What makes foxes foxy?

Written by Francesca Lake

The fox genome has been published for the first time, and it’s set to increase our understanding of animal and human behavior.

Fox

The red fox has long been a model for animal behavior. For example, one long-term experiment in Russia has seen tameness or aggression selected for more than 40 generations, recreating the domestication of dogs and confirming a genetic contribution to behaviors.

Now, a team of international researchers has published the first-ever fox genome. This is already shedding further light on the genetic basis for behavior in various animals, including humans.

“In our previous work, we tried to identify regions of the fox genome responsible for tame and aggressive behavior, but these studies required a reference genome and all we could use was the dog genome,” commented Anna Kukekova (University of Illinois, IL, USA). “For us, the fox genome provides a much better resource for genetic analysis of behavior.”

The sequence was built from the genomes of 10 individuals from the Russian experiment. These included foxes bred for tame or aggressive traits, as well as non-selected ones.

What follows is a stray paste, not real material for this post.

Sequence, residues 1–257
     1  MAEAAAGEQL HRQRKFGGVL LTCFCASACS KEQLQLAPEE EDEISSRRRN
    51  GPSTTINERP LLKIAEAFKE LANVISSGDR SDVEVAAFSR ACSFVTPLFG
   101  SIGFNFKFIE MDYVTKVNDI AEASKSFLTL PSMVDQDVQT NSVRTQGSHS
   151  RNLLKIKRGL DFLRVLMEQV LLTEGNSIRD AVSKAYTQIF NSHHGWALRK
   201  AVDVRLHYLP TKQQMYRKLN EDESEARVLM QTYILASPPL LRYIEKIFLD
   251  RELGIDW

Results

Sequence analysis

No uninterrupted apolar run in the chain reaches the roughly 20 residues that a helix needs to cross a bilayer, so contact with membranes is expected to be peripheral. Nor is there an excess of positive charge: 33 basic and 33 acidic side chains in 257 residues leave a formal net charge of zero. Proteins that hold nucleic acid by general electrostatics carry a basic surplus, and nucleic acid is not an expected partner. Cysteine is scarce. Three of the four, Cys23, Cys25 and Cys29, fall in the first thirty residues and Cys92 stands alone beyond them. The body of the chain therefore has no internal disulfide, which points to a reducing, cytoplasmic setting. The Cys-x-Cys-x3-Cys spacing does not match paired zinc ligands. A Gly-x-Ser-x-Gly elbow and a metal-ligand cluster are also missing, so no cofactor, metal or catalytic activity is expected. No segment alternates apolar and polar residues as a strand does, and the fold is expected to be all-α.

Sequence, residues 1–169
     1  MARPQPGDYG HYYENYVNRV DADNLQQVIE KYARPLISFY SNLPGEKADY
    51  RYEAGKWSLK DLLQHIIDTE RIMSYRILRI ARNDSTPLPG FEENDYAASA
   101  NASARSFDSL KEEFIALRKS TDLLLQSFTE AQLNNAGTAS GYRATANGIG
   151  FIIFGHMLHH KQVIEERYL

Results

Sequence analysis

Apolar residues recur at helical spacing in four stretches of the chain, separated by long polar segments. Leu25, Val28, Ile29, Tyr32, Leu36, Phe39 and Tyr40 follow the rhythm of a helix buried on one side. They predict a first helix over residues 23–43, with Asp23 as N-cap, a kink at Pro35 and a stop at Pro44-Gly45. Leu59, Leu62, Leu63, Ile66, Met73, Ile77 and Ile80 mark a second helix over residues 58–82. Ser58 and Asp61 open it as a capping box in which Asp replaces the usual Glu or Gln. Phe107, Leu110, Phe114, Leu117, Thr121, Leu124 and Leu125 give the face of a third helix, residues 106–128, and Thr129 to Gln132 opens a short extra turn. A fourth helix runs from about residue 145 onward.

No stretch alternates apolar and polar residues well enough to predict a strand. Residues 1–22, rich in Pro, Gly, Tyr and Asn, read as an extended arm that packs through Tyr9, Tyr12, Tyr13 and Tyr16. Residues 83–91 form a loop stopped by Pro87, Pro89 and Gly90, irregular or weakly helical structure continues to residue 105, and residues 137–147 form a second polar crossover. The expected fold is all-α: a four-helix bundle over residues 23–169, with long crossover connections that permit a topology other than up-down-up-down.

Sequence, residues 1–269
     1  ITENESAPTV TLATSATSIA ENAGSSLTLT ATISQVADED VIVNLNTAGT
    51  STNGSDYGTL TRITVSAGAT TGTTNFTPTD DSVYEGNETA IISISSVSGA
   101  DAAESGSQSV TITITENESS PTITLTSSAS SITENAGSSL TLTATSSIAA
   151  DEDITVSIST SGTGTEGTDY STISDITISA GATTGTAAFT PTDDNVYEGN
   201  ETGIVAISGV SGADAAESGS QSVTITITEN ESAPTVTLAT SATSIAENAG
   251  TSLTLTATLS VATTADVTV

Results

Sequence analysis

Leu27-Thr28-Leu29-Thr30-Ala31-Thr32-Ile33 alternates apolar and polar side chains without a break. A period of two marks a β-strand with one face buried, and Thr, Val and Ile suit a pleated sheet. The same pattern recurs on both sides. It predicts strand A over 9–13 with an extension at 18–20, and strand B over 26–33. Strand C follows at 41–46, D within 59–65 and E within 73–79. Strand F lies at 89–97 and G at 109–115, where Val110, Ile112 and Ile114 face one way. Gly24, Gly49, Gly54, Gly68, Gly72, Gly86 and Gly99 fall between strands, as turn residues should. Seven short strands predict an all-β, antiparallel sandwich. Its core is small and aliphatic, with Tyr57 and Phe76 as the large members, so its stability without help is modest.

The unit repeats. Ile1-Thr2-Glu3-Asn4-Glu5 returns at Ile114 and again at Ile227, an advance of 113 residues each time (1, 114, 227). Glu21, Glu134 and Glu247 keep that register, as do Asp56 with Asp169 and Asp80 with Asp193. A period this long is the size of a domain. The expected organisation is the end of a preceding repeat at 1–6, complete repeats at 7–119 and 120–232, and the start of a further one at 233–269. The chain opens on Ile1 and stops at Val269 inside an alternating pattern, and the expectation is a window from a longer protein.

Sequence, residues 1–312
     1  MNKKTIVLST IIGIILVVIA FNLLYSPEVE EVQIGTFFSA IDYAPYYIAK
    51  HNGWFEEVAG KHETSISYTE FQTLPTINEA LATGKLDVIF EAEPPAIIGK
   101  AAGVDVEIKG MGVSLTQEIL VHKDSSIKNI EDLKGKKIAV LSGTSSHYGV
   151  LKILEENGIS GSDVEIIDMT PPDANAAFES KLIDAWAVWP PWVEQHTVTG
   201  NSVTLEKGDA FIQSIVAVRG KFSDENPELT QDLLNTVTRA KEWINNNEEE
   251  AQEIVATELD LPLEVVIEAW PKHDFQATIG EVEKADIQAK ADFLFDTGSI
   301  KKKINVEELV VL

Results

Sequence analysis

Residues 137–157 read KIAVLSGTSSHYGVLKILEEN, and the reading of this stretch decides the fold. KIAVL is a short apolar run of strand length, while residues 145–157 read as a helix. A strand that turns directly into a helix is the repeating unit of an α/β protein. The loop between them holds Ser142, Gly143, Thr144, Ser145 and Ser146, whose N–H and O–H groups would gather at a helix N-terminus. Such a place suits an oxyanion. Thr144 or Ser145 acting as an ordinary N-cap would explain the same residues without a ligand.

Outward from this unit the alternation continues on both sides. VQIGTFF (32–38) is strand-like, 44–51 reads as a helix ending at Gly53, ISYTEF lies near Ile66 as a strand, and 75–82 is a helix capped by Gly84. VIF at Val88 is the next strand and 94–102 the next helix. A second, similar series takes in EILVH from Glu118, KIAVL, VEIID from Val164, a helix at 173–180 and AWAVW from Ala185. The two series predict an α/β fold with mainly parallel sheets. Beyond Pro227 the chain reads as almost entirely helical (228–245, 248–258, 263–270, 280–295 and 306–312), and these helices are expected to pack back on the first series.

When compared, the sequences from the three populations differed in 103 regions, with more divergence between the tame and conventional than the aggressive and conventional populations.

“Finding genomic regions at such resolution was beyond any expectations with our previous tools. Now, for the first time, we could not only pinpoint part of a chromosome which makes foxes more tame or aggressive, but we could identify specific genes responsible for it,” Kukekova explained.

Further research demonstrated there are similarities between the regions of interest in foxes and those in other mammals. For example in humans, a match was shown with a region associated with a syndrome resulting in extremely friendly behavior.

Kukekova noted: “Oddly enough, we found the Williams-Beuren region in aggressive foxes, not tame ones. We thought it would be the opposite.”

In another unexpected turn of events, they highlighted SorCS1, a gene involved in synapse function that had never before been linked with behavior. In the foxes, a version of the gene led to friendlier behavior.

These findings highlight how much research needs to be done to fully understand behavior. “The fox model expands the spectrum of behaviors that can be studied using animal models and provides insight into the evolution and regulation of mammalian social behaviors,” the authors concluded.